It will allow mobile network operators to create virtual networks that run entirely in software and are customized to customers’ specific requirements. Someone using a slice will be able to combine their own software, systems and network elements with it too.

The potential for new uses and applications is significant, and once it is fully implemented this is going to be a fascinating area of 5G for innovation. It does present a lot of new security threats, however, due to the novelty of new ways of using this new capability, and the speed at which changes can be made.

No. 2 Threat Surface

5G will have lots more base stations, or cells. Using higher frequencies, they will be essential for providing more capacity and the highest performance levels. There also will be many more devices connecting to the network. In particular, the expectation is for lots of 5G connected machines or IoT devices measuring and controlling to make things run more efficiently and generally work better.

The downside to this is something called “increased threat surface,” in security jargon. This simply means there will be more things that can be attacked and need securing. Careful thought will be needed to secure all these new IoT devices, which historically have had lower security standards and capabilities.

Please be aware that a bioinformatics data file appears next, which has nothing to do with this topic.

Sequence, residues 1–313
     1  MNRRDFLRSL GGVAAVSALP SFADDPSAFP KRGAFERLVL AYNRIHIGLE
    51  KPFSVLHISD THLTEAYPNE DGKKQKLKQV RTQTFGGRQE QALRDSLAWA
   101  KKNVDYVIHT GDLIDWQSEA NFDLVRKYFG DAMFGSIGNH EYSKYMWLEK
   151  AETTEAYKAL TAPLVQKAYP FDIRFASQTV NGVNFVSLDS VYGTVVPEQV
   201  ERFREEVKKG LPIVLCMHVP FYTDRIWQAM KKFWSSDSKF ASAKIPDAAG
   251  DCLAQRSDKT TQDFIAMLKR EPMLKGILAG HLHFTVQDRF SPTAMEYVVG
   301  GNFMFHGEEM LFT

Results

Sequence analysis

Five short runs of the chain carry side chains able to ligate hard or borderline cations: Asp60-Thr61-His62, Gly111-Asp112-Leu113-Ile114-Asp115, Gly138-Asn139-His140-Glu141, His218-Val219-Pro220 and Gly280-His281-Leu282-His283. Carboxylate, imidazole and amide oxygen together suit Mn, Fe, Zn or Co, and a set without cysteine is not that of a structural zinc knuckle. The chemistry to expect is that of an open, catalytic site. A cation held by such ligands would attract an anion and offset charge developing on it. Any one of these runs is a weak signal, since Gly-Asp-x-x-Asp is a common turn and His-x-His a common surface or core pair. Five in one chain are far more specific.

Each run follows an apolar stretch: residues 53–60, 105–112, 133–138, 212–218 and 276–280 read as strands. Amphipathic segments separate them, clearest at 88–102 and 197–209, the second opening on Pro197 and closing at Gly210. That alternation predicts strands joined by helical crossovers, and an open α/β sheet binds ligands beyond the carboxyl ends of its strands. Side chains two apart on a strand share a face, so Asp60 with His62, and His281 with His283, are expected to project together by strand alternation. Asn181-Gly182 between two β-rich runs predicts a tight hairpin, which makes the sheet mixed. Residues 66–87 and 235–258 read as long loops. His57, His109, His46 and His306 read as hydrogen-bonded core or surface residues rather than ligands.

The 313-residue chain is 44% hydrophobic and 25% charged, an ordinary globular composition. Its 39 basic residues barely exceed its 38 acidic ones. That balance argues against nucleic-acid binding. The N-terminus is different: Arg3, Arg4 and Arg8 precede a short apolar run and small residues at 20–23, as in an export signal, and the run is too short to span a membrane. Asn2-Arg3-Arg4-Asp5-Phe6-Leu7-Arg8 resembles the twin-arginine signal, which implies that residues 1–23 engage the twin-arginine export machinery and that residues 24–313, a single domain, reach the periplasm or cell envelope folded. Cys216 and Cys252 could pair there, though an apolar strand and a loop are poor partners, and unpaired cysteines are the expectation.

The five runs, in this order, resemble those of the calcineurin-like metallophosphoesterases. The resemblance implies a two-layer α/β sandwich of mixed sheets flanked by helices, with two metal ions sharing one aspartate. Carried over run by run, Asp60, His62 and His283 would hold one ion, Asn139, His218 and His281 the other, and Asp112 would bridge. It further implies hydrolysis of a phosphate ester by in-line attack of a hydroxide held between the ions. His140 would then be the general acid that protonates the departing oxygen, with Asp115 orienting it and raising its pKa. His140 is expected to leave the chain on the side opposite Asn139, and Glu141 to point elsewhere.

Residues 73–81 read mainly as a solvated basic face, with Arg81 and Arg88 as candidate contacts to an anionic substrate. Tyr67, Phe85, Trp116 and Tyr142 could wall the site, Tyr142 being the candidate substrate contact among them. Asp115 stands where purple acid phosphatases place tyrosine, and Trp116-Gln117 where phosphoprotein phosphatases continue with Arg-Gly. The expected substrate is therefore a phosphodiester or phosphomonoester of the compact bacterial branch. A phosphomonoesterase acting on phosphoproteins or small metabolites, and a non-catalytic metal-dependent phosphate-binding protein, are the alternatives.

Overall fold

It is not just devices that need attention. Lots more small cells on street furniture and in buildings mean that things like physical security will need more careful consideration. Leaving an easily accessible unsecured port at the back of a small cell base station that allows someone to plug a laptop in and take control of the cell is a surprisingly easy mistake to make. In the past, when cell sites were large secured sites, it didn’t matter. In the future it will.

No. 3 Heterogenous Networks

5G will allow separate networks operated by different entities to work together seamlessly. This could mean networks like a private 5G network operated on a company campus, or a community broadband service in a remote village.

It also might include nonterrestrial ones using satellite systems or HAPS. The security risks here are related to the whole being only as strong as the weakest link. Practically, how do you ensure that all the networks being run by different organizations are properly configured, and that consistent security levels are maintained?

No. 4 High Impact Applications

An important part of the 5G security debate concerns the consequences of future security breaches. Currently, if a mobile network stops working it causes problems — but ultimately the impact is that people can’t do the things they normally would, like messaging, watching videos, making calls or using apps. Security breaches also can lead to fraud or data theft.

In the future, if 5G fulfills its expectations, the failure or compromising of a network due to a security breach could be fundamentally different. Scenarios include exposing personal health data, stopping production in a factory for weeks, freezing or crashing autonomous vehicles, stopping a remotely directed medical operation halfway through, to name just a few.